Ask bassist/vocalist Myke Spy of Denver's Harriet the Spy to elaborate on his band's music and you won't get a single reply. Instead, you'll get a whole series of them.
Reply number one: "I like Jean-Luc Godard. I want our music to be like one long version of Breathless. It's just like a journey...It's like driving in a convertible, speeding, listening to the song `Disappear' [from the Sonic Youth album Goo], driving in a car with Thurston Moore, and it's scary and it's raining, but you still have the top down. And Kim's all passed out in the back seat and you just keep driving and you can't stop. And everything's in black and white."
Reply number two: "My goal is that word `spy.' `Spy' is really big in our name, because ever since I've been a kid, I've been really into spy and surf music. We're not blatantly surf or spy, but the feeling is there, the influences are there. And ever since I heard `Walk, Don't Run' when I was like eight years old, I've wanted that feeling. That spine-tingling, kind of spooky kind of feeling that spoke so much more to me than, like, Van Halen."
Reply number three: "I want a feeling of wonderment and abandonment. I want to bring any and every audience into a state of musical bliss."
By contrast, drummer Jens "j.c." Carstensen is much more succinct. When quizzed about his goals, he says simply, "I just want to rock."
And he succeeds. Harriet the Spy, which also includes guitarist Brian Circle, plays a fast-paced, complex brand of indie punk that displays a strong sense of dynamics and plenty of good humor. The sound evokes the spirit of America's underground-music capitals: Olympia, Washington; Chapel Hill, North Carolina; Washington, D.C. Somewhere in its sonic palette are pieces of Superchunk, Fugazi, Tsunami, even R.E.M. But the most dominant influence, at least until lately, has been the aforementioned Sonic Youth, in part because former Harriet guitarist Patricia Kavanaugh (who left the act last month) specialized in what her ex-bandmates describe as "Sonic Youth-y chord progressions." For his part, Circle prefers a more straightahead style.
"Brian and Patricia are almost antithetical in their approach to guitar," Carstensen says. "Brian's a bit more punk rock. But we're not all three like that. It'll bring a little balance."
"Yeah, creative tension," Spy interjects. "Just like John Cale and Lou Reed. Or like the Police, with Stewart Copeland breaking Sting's ribs."
"Stewart knew where to hit them to crack them," Carstensen marvels. "Stewart Copeland is my hero. So is anybody else who can break Sting's ribs."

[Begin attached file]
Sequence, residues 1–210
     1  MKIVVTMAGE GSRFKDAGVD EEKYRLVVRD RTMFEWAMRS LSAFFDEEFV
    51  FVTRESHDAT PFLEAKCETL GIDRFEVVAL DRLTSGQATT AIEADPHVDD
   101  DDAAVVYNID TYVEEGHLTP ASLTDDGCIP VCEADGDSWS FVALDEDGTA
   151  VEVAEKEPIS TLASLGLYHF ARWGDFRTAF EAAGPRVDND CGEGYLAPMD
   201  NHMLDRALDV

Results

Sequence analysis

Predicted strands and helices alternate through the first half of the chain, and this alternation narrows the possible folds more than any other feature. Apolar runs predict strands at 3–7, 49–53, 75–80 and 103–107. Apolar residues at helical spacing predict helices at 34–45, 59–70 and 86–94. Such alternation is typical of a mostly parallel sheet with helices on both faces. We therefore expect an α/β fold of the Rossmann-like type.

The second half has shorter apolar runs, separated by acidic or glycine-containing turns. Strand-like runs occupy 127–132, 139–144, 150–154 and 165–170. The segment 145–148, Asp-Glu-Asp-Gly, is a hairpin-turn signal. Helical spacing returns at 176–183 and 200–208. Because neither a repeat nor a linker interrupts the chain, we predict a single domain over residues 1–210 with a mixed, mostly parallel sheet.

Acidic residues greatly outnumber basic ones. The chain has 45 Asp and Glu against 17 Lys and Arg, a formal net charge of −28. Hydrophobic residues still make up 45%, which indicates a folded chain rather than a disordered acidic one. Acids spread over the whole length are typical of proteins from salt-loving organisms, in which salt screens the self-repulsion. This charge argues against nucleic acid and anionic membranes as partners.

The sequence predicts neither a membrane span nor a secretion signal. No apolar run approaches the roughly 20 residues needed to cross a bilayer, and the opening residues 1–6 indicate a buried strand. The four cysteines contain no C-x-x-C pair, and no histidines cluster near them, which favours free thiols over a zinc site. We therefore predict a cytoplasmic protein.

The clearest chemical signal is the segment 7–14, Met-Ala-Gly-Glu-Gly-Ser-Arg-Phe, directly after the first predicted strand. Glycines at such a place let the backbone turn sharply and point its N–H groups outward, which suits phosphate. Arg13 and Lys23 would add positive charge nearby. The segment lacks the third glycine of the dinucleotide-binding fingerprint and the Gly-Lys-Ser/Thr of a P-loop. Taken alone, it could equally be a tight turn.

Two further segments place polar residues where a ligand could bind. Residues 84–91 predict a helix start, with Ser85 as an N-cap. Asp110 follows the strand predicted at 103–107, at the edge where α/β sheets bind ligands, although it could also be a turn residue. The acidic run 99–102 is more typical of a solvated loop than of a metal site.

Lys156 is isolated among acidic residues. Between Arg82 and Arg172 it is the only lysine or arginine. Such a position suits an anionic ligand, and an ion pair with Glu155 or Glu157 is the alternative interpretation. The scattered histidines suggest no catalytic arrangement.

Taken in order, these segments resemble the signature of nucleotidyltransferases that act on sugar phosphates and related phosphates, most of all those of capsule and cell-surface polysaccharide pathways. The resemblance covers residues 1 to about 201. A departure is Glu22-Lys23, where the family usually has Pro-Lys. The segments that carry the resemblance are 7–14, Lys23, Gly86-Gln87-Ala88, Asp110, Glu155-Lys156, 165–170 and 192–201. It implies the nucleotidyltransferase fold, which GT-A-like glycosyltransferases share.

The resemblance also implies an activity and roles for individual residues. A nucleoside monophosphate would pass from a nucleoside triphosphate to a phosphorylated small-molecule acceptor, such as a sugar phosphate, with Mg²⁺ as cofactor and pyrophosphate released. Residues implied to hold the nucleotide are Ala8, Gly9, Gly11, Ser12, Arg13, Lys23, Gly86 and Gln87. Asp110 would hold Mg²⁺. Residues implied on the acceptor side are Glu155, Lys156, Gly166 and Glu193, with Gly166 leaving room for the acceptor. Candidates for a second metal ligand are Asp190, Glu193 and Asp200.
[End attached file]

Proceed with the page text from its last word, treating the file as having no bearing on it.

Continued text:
While Harriet's history is not replete with tales of fractured bones, it does include several near-breakups. Spy founded the combo last August with Kavanaugh and two other players on guitar and drums, respectively. The latter pair left a few months later, prompting the ad-dition of Carstensen in January. Kavanaugh's departure was also a big blow, but Circle--the man behind Denver's Black Plastic Records label, best known for its Rocky Mountain Arsenal compilations--has ably filled her shoes. Although the band landed only a handful of club dates this spring, the remaining players expect to make more frequent live appearances in the near future, including a showcase with an outfit from Ohio that's also called Harriet the Spy.
"We're going to do an all-star jam at the end of the show," Carstensen boasts. "We're going to do `Beat on the Brat,' by the Ramones."
"And Jens can do vocals," Spy says. "He can do Joey Ramone like nobody's business."
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On stage, Carstensen--his hair tied in tiny ribbons, his eyes rolling back into his head as he thrashes at his drums--cuts a striking image. For his part, Spy prefers the Quentin Tarantino look. Clad in a thin black suit, he cracks pop-culture references and spins strange tales between tunes. This banter, he suggests, results from "nervous energy. I think that's the amount of adrenaline you have to dispose of so you can put all that into focusing on playing and filling up the silences between songs. It kind of makes you feel like you've been to more of a show--that you're not just watching a rehearsal."
As for Spy's bass playing, it owes a great deal to heroes such as Mike Mills and Mike Watt. "I'm really trying to get away from the Michael Anthony thing, where people just want to put the bass into the corner," he says. "I really like subtle, kind of emotive bass, you know? Bass that's sort of brooding."
What about the lyrics? "A lot of them are about UFOs," Spy notes. "They're sort of chilling." With tongue definitely in the vicinity of his cheek, he continues, "I'm just a vessel, a crucible for sonic life. I don't claim to understand the forces that move through the room."
Spy claims plenty of other things, though. Replying to a request for a final description of Harriet the Spy, he responds, "We're a nihilist punk band, and we don't care about anything. We don't care if we suck, and we hate your guts.